dental disease prevention


Dog and cat dental health can be very tricky and surprising for many pet parents. When we don’t know the importance of proper pet dental care, our dogs and cats can suffer from pain and discomfort. Sadly, dental diseases are common in pets and can occur as early as 2-3 years of age.

The root cause of these dental issues is, more or less, poor oral hygiene. Pet parents tend to be ill informed and do not practice proper dog and cat dental health requirements such as brushing one’s teeth regularly, giving cat and dog dental health treats and more. So, what happens when we don’t practice proper pet dental care?


Common Dental Diseases in Pets

1. Plaque and Tartar

First off, plaque and tartar don’t just appear out of nowhere. Instead, plaque forms and accumulates due mixture of bacteria from leftover food and saliva. It is a is a colorless film that harbors bacteria on the teeth and eventually builds up. When buildup of plaque hardens, it is called tartar. The tartar, also known as calculus, is calcified deposits on the teeth by mineral salts and adheres firmly to the tooth’s surface, which appear as yellow or brown.


2. Bad Breath

When plaque and tartar build up in the mouth, it is highly likely that your pet has bad breath too. Bad breath in dogs and cats are very common and serve as the first indicator that your furbaby may be suffering from an underlying disease. Learn more about pets with bad breath here

It’s never too late to get educated on pet dental health diseases to know what you can do and how you can prevent them. Your furbaby will surely love you forever and ever for learning more on pet dental care just for him or her!


3. Gingivitis

Gingivitis is considered the early stage of periodontal disease. It is the inflammation of the gums, caused by the buildup of plaque. Plaque moves towards the gingival margin, the area where the gingiva and the base of the tooth meet, causing severe inflammation of the oral soft tissues.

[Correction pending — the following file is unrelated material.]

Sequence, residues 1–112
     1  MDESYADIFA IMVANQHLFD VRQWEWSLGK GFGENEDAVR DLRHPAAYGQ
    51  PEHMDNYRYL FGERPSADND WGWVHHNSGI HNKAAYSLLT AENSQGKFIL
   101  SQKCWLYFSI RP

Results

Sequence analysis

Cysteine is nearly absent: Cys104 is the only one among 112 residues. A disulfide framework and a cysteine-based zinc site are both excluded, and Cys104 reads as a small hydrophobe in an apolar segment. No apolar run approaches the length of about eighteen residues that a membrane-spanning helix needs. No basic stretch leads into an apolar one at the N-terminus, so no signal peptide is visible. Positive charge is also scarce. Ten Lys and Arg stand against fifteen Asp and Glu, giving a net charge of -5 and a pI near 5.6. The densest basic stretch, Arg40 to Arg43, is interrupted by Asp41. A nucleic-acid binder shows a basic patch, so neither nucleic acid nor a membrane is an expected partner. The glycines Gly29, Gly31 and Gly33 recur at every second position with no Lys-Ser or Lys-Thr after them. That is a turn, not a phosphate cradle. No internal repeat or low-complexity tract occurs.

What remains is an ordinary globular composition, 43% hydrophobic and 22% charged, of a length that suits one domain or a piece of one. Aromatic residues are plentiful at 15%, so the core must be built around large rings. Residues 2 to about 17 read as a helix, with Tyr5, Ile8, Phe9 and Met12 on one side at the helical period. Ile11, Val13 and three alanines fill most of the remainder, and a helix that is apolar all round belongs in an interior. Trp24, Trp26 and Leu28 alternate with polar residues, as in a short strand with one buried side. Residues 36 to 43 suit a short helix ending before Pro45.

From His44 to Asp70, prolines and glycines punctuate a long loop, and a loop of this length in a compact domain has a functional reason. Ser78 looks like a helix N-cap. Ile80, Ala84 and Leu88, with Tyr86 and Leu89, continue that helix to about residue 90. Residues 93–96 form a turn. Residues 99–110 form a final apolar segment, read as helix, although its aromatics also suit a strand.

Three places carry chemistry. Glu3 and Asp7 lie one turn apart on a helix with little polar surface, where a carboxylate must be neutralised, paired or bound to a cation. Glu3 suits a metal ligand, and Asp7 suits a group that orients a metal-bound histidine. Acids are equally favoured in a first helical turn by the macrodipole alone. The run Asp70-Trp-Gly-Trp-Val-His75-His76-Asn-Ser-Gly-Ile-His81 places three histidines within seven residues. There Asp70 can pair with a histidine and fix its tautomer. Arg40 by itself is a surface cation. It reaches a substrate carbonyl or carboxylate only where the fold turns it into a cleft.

1. Thin, red line along the gums
  2. Swollen gums
  3. Bad breath
  4. Plaque buildup
  5. Stained teeth
  6. Tartar buildup
  7. Bleeding gums
  8. Pus
  9. Pain around the mouth
  10. Difficulty eating
  11. Reluctance to eat
  12. Drooling
  13. Loose teeth
  14. Receding gums




Main causes: poor oral hygiene. When food gets stuck, the bacteria tends to build up and cause inflammation and irritation. Hence, the need for regular teeth cleaning, at home and professionally. Gingivitis usually starts near the gum line, but can affect any part of the mouth, hard palate, throat, tongue and cheeks. Other predisposing factors and causes include:

  1. Poor diet
  2. Old age
  3. Overcrowding of teeth
  4. Bad chewing habits
  5. Uremia and diabetes mellitus
  6. Autoimmune diseases
  7. FeLV (Feline Leukemia)
  8. FIV (Feline Immunodeficiency Virus)




A physical exam of your dog and cat will be performed to determine the severity of his gingivitis. Luckily, gingivitis is considered mild and can be reversed if handled properly and immediately. Here are some ways you can manage and treat gingivitis:

  1. Professional and home dental cleaning
  2. Teeth scaling of teeth
  3. Gingivectomy
  4. Oral antibiotics
  5. Dietary management
  6. Chew treats and toys for dental health 

If not left untreated or mismanaged, gingivitis can lead to periodontitis.


4. Periodontal Disease

Periodontal disease, also known as gum disease, is one of the most common pet dental diseases. It occurs when tartar accumulates in the gumline, causing a bacterial infection in the mouth. Furbabies who suffer from periodontal disease tend to suffer from chronic pain and more.



Almost always, no symptoms of gum disease will manifest in pets at first and pet parents tend to find out when it's already severe. The hardest part - your furbaby won't want you to know he's in pain, so he will try to conceal whatever pain or discomfort he's feeling. Keep an eye out for these symptoms: